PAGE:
Introduction: scope and purpose of this guidance

Introduction: scope and purpose of this guidance

What is this guidance about?

The guidance supersedes recommendations 6, 7, 12, 15 and 16 in Smoking cessation services (NICE public health guidance 10), where they apply to secondary care.

The guidance complements but does not replace, NICE guidance on stopping smoking. (For further details, see Related NICE guidance.) In particular, it should be read alongside NICE guidance on quitting smoking in pregnancy and following childbirth (NICE public health guidance 26) and tobacco: harm-reduction approaches to smoking (NICE public health guidance 45).

Stopping smoking at any time has considerable health benefits for people who smoke, and for those around them. For people using secondary care services, there are additional advantages, including shorter hospital stays, lower drug doses, fewer complications, higher survival rates, better wound healing, decreased infections, and fewer re-admissions after surgery.

Secondary care providers have a duty of care to protect the health of, and promote healthy behaviour among, people who use, or work in, their services. This duty of care includes providing them with effective support to stop smoking or to abstain from smoking while using or working in secondary care services.

This guidance aims to support smoking cessation, temporary abstinence from smoking and smokefree policies in all secondary care settings. It recommends:

  • Strong leadership and management to ensure secondary care premises (including grounds, vehicles and other settings involved in delivery of secondary care services) remain smokefree – to help to promote non-smoking as the norm for people using these services.

  • All hospitals have an on-site stop smoking service.

  • Identifying people who smoke at the first opportunity, advising them to stop, providing pharmacotherapy to support abstinence, offering and arranging intensive behavioural support, and following up with them at the next opportunity.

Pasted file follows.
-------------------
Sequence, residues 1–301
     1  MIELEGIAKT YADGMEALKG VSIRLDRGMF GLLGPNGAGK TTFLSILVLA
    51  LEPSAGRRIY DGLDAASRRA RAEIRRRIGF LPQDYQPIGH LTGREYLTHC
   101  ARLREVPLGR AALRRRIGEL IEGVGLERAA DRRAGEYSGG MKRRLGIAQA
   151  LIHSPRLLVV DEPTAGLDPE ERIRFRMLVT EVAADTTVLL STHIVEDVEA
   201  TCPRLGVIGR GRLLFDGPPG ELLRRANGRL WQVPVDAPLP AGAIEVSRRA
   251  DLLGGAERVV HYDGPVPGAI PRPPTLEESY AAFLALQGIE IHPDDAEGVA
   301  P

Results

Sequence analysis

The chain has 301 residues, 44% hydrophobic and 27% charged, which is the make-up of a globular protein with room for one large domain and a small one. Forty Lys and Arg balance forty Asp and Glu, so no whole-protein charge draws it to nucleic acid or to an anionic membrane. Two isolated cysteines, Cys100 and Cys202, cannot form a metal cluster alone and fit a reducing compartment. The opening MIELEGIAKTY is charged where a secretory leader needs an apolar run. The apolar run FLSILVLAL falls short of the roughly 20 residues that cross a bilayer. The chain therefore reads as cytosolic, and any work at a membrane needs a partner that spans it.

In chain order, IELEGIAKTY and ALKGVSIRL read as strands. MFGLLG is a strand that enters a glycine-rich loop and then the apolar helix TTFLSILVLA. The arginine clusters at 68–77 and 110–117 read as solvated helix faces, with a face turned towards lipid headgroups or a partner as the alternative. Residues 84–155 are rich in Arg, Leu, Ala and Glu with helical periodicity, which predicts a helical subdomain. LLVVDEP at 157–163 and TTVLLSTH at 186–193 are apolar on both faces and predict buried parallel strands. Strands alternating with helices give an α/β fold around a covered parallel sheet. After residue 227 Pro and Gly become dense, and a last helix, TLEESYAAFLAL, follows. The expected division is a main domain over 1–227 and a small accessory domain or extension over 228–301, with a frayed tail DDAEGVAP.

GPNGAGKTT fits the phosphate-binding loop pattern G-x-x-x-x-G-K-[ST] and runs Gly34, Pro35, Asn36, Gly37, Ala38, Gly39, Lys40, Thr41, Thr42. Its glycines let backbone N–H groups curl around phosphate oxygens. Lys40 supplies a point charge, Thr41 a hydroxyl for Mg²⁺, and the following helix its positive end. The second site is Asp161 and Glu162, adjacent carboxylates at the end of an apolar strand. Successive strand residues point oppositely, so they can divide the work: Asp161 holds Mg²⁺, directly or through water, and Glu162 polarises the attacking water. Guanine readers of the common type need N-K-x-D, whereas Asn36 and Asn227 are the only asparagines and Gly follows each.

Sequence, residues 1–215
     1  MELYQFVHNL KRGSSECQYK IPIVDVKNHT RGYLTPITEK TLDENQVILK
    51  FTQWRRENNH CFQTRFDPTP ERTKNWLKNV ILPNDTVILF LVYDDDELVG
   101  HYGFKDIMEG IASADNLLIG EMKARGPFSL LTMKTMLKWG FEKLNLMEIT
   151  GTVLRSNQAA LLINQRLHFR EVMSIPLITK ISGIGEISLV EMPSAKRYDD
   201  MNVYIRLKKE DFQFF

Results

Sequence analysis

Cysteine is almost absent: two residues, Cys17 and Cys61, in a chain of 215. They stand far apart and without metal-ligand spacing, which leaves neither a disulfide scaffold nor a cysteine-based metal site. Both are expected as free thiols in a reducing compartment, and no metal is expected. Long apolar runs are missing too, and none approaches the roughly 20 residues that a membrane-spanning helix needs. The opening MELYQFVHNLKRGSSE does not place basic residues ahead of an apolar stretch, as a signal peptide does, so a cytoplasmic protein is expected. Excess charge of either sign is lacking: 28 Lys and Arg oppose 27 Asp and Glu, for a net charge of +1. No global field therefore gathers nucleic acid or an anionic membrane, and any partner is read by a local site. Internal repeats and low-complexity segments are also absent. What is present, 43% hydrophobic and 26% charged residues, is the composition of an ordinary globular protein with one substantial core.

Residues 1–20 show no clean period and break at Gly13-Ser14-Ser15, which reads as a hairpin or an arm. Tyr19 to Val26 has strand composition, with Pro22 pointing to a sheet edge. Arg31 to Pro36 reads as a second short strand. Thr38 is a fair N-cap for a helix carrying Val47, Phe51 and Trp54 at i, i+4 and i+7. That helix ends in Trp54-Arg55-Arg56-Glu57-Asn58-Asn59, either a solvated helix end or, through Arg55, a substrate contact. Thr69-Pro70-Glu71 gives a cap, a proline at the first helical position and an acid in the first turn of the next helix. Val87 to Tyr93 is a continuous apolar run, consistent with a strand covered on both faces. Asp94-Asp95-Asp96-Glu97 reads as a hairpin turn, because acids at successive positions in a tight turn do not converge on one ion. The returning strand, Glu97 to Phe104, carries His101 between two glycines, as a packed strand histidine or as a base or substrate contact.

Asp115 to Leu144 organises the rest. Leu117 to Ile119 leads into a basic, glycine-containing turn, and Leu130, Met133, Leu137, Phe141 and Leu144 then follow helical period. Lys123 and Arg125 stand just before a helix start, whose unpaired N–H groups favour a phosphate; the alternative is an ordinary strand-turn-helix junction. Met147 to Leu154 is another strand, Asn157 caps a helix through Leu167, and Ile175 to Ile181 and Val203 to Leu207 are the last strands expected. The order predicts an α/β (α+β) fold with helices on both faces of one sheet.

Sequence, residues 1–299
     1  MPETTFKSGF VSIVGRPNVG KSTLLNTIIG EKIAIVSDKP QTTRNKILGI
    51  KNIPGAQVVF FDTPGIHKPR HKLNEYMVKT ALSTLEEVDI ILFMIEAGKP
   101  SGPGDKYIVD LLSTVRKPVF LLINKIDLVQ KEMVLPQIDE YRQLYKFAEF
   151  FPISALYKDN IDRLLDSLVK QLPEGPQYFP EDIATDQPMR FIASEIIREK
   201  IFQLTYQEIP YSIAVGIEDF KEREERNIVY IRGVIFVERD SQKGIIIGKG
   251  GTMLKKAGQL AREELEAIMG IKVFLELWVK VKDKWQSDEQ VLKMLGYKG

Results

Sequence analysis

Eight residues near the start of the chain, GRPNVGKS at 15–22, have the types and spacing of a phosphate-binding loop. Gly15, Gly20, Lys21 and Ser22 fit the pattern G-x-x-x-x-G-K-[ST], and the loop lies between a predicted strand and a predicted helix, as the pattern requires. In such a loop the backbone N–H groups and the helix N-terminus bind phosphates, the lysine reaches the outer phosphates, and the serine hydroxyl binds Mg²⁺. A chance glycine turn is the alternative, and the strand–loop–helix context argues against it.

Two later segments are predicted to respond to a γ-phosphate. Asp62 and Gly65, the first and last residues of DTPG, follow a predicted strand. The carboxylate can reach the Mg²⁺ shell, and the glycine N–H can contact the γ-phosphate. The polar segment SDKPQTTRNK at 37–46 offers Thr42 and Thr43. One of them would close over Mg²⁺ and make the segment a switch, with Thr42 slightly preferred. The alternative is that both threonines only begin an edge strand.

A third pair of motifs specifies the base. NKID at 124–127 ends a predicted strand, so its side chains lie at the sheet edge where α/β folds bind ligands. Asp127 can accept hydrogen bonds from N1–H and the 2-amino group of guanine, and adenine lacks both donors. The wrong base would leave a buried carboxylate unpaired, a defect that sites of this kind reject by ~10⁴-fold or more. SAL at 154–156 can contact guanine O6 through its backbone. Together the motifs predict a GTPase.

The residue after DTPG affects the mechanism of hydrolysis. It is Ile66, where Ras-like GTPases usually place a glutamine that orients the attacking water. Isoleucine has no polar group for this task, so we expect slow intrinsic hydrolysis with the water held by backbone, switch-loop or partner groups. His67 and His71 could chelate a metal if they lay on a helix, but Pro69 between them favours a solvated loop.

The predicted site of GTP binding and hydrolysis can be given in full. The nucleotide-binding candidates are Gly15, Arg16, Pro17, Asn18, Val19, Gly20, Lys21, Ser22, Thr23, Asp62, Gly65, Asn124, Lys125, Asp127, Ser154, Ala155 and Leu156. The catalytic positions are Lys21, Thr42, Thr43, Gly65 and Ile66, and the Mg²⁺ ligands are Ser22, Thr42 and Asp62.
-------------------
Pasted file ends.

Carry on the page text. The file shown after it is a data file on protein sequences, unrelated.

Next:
• Providing intensive behavioural support and pharmacotherapy as an integral component of secondary care, to help people abstain from smoking, at least while using secondary care services.

  • Ensuring continuity of care by integrating stop smoking support in secondary care with support provided by community-based and primary care services.

  • Ensuring staff are trained to support people to stop smoking while using secondary care services.

  • Supporting all staff to stop smoking or to abstain while at work.

  • Ensuring there are no designated smoking areas, no exceptions for particular groups, and no staff-supervised or staff-facilitated smoking breaks for people using secondary care services.

In this guidance, 'secondary care' refers to all publicly-funded secondary and tertiary care facilities, including buildings, grounds and vehicles. It covers drug and alcohol services in secondary care, emergency care, inpatient, residential and long-term care for severe mental illness in hospitals, psychiatric and specialist units and secure hospitals and planned specialist medical care or surgery. It also includes maternity care provided in hospitals, maternity units, outpatient clinics and in the community.

The term 'smokefree' is used to mean air that is free of tobacco smoke.

See About this guidance for details of how the guidance was developed and its current status.

Who is this guidance for?

The guidance is for: commissioners, clinical leads in secondary care services, health and social care practitioners, leaders of the local health and care system, managers of clinical services, estate managers and other managers, trust boards, and other staff with any aspect of secondary care or public health as part of their remit. The guidance may also be of interest to people using secondary care services, their families and carers and other members of the public.

  • National Institute for Health and Care Excellence (NICE)